Meanwhile, U.S. cheese lovers would likely pay the price: If Roquefort sells in France for $10 a kilo, a U.S. importer would pay that amount plus a $30 tariff, not to mention brokerage fees and shipping costs. Even more, beginning April 1, when the Roquefort confederation drops its 10-year subsidy, an additional 4.57 euros ($5.93) per kilo might go on the bill. Local purveyors, including Say Cheese in Silver Lake and the Cheese Store of Beverly Hills, have begun stockpiling to avoid price increases through September.
Ihsan Gurdal, co-owner of Formaggio Kitchen in Cambridge, Mass., and Formaggio Essex market in New York City, has also put in extra orders and forecasts that retail customers will start seeing Roquefort price hikes as early as May. “Nobody is going to buy Roquefort,” he says. “In this economy especially, [selling] anything over $20 a pound has become challenging.”
Other retailers, including Whole Foods Market, have said that Roquefort will be available in limited quantities or will have to be special-ordered. Although Roquefort is known to age well, its refrigerated shelf life is about three to six months, and it may not be worth the financial risk in case it doesn’t move. “Even if I did feel comfortable buying a ton and sitting on it, I don’t have the money to do it,” says Brown of family-owned Gourmet Imports.
Currently, Trader Joe’s sells Societe Roquefort at a bargain $13.99 a pound. However, a spokeswoman said the grocery chain will be discontinuing it.
Meanwhile, Roquefort producer Gabriel Coulet has offered importers an alternative. Coulet plans to produce Brebis Blue -- tentatively based on Roquefort recipes and, like the original, made with raw sheep’s milk -- for U.S. customers. Without a Roquefort label, the duties plummet to 15%. “I have a feeling that we are going to order the [Brebis Blue],” says Formaggio Kitchen’s Gurdal.
Denis Cottin, director of affinage at Artisanal Premium Cheese in New York, has yet to field such an offer. But he says he won’t go for it.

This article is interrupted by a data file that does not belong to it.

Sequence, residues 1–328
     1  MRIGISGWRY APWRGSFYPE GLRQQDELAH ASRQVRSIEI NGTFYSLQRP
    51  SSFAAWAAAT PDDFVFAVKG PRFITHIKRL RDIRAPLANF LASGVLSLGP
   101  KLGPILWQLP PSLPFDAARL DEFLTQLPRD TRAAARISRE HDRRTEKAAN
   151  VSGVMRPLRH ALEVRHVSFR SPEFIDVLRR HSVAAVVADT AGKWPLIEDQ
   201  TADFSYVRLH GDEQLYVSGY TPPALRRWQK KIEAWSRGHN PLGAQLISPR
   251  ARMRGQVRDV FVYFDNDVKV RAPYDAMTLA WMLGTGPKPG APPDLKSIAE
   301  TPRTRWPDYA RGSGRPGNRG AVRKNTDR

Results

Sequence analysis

“Some may say, ‘I like Champagne, but I change for sparkling wine’ and go for $15 Chandon of California. ‘I still have bubbles and a good party.’ But some people would say, ‘No, I will continue to buy Champagne.’ That is the same thing for Roquefort.”
He suggests that consumers express their concern to lawmakers. “If your senator or congressman is receiving 200 letters, he will suddenly be very sensitive to Roquefort,” he says.
One congressman, Rep. James L. Oberstar (D-Minn.), sent a letter to President Obama last month, criticizing the trade action.
“Though I am a supporter of ‘buy American,’ it is for unfairly subsidized foreign products when they are identical or comparable to ours,” Oberstar wrote. “Roquefort cheese is not in this category.”
Oberstar says he has not received a response.
The lack of public protest has surprised chef Conny Andersson of AK Restaurant in Venice. “It’s like no other cheese,” says Andersson, who has had a mesclun salad with Arkansas black apples and Papillon Black Label Roquefort on his menu since he opened in December, a month before the new levy was announced. “There should be some kind of chef movement against it.” He plans to continue serving it until his current $17-a-pound wholesale price goes up.
In the meantime, the Confederation of Roquefort plans to release a television ad promoting the cheese within France, as well as develop other foreign markets. The U.S. is the No. 3 importer of Roquefort behind Spain and Germany.
It may not be all bad news. Hastings of Joan’s on Third sees an opportunity for artisanal blue-cheese makers that have blossomed stateside in the last 10 years. “I would never stoop to think any of us could re-create the flavor of a Jacques Carles [the producer of L’Aigle Noir], but if times are hard and we’re not able to afford it, we’ll dig deep and make it our own way,” he says. “Rogue River Blue from Oregon is an incredible blue [albeit from cow’s milk].
“It’s the classic great American know-how. We can’t have it right now, but it doesn’t mean we’ll go without.”